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Each screen has different menu items. The reason being that I decided to use text+icons for one of the screens is cuz the text would be too long if I used the same styling as another screen with only text. But to add icons to all menu items seemed too much because some don't make sense to be represented by icons.

So if I had bottom tabs on one screen on my application that uses just text menu elements, while another screen I use text+icons, is that alright? Or would I have to keep all tabs the same format for consistency sake?

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Edit: This is for mobile

  • Is it a desktop or mobile application? – Garik Jan 10 '18 at 0:37
  • I would suggest going with iconless as you mentioned also that some icons don't make sense which ultimately means nothing but noise or clutter. It would be a consistent pattern which is once created and then reused across. – Shabir Gilkar Jan 10 '18 at 8:27
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Keep it consistent

If these tabs perform the same function, you'll need to make sure it stays as consistent as possible. Usability and learnability will improve when similar elements have a consistent look and function in similar way. This creates predictability for your users.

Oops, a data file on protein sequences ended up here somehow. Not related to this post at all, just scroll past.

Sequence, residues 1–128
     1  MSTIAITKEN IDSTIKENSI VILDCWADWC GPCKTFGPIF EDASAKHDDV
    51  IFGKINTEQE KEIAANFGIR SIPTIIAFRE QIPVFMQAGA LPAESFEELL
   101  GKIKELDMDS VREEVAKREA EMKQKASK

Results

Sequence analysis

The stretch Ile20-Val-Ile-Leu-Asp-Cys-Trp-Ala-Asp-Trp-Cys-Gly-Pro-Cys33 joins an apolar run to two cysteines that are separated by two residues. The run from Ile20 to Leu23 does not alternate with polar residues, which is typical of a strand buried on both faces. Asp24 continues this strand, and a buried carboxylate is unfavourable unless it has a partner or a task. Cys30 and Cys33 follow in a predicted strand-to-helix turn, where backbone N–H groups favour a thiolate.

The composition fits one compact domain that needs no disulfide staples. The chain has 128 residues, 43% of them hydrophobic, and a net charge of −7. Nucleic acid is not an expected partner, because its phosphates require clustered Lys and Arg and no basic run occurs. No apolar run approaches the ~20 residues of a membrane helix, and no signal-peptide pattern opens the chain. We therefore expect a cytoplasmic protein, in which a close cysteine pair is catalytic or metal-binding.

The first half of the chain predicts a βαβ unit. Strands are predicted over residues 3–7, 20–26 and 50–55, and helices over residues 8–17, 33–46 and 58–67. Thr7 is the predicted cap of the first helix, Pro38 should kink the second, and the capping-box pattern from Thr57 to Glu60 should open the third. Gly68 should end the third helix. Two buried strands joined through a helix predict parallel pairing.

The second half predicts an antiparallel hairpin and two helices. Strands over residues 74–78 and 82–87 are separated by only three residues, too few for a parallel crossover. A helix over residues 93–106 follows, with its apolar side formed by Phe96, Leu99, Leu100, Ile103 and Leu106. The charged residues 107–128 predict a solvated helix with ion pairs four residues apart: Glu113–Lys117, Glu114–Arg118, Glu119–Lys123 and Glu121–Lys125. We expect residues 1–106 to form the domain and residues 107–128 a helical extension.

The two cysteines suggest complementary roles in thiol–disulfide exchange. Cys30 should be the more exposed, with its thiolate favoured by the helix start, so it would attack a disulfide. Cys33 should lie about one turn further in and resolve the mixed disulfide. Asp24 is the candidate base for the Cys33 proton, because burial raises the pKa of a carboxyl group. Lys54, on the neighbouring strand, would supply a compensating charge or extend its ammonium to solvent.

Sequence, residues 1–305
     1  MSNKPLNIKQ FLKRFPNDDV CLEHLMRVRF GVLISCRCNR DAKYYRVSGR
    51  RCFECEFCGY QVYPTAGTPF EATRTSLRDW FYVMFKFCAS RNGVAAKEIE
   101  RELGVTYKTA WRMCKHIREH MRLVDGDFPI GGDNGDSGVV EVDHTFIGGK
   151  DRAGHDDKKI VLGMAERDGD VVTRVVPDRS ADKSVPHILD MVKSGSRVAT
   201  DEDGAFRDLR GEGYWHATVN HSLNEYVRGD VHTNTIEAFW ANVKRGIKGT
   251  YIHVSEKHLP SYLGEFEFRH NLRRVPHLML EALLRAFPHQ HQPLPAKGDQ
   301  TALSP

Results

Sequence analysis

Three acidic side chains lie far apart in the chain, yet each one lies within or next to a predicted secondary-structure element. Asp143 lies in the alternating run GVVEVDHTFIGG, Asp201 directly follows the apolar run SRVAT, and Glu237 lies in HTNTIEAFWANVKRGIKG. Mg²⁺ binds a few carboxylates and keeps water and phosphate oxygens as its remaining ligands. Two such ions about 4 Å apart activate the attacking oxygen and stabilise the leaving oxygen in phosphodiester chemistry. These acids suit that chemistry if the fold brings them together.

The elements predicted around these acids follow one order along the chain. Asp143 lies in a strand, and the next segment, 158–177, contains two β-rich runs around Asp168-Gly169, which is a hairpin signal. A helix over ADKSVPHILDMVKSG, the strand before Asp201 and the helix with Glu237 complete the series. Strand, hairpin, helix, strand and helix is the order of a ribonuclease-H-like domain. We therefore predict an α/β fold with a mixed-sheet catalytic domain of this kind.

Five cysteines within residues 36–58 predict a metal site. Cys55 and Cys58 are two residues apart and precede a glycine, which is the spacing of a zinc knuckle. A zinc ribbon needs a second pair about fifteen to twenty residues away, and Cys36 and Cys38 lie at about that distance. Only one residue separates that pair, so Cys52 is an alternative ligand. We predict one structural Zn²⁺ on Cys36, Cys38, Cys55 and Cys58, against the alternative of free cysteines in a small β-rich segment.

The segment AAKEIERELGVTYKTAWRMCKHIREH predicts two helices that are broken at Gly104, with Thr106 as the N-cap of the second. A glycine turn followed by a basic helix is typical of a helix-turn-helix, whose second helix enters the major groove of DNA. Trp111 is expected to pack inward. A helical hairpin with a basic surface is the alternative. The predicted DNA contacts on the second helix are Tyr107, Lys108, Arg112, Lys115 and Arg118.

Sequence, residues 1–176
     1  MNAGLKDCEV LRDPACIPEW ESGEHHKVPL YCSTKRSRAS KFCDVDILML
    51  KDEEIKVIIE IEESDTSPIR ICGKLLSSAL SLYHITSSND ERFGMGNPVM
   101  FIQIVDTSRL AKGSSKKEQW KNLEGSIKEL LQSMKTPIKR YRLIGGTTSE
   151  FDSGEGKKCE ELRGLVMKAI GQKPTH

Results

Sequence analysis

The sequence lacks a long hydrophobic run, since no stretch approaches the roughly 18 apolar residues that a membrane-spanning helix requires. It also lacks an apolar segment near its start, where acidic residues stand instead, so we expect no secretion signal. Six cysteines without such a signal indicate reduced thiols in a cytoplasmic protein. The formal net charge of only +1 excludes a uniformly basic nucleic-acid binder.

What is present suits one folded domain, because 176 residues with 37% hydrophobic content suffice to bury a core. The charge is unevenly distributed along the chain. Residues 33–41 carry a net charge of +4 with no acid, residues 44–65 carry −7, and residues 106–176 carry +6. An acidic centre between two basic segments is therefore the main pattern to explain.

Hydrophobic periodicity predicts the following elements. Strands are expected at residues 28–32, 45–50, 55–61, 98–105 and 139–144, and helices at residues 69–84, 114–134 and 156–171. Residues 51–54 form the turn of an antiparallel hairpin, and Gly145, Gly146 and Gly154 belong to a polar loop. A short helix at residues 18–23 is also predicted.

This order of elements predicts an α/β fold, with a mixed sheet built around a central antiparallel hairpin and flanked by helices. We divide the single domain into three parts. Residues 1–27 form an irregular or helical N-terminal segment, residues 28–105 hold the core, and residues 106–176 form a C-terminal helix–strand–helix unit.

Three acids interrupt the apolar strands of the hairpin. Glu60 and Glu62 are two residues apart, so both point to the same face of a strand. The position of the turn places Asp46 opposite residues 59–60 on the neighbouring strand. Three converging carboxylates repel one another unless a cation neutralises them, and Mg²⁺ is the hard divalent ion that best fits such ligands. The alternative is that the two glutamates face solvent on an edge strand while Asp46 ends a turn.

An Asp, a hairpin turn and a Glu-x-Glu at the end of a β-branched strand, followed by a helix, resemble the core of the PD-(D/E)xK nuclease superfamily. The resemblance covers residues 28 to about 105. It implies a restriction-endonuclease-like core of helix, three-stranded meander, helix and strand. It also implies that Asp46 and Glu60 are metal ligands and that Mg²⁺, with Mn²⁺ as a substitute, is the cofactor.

Icons with no clear meaning are generally not very helpful, other than being a scannable anchor point for your tabs (attention grabbing). You risk confusion about the label if you add a nonsensical icon, so in your case you should probably keep it label-only.

  • The menu items are contextual, so if they are in settings, the bottom tabs will be different than project details – gz17 Jan 17 '18 at 18:31
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It is important to be consistent, but you don't necessarily need to be "all or nothing" about icons vs text. Maintaining a consistent layout is much more important (e.g. don't change the order of buttons/tabs)

I would suggest the following options:

  • Have text for all functionality except for very universal functions such as "save", "refresh", "play", "edit", where the function and the associated icon are something that already have a very standard representation in UIs.
  • Have text for all menu items.

Icons and text would definitely be too cluttered on a mobile device.

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Thanks for all the responses. I had to give up some things to fit in the content in the end.

The tab items are contextual, so if they are in settings, the bottom tabs will be different than project details.

In this case, it is more important to keep the tabs consistently in the same spot, but behave the same way; it acts as a divider of different information in one section.

Because of UI constraints, I can't put the full word "requirements" in the tab, so I resorted to make an exception by using an icon with the text in smaller font underneath for that whole section. I didn't use icons for other sections because it did not provide value.

Essentially, the tabs still behave as dividers so users still use them the same way. My trade off was the (inconsistent) way the label is shown (some sections are text only, while another included icons+text purely out of visual constraints).

I would agree if I could, I would stick to displaying in only one way (text only, or text+icon only) to maintain consistency.

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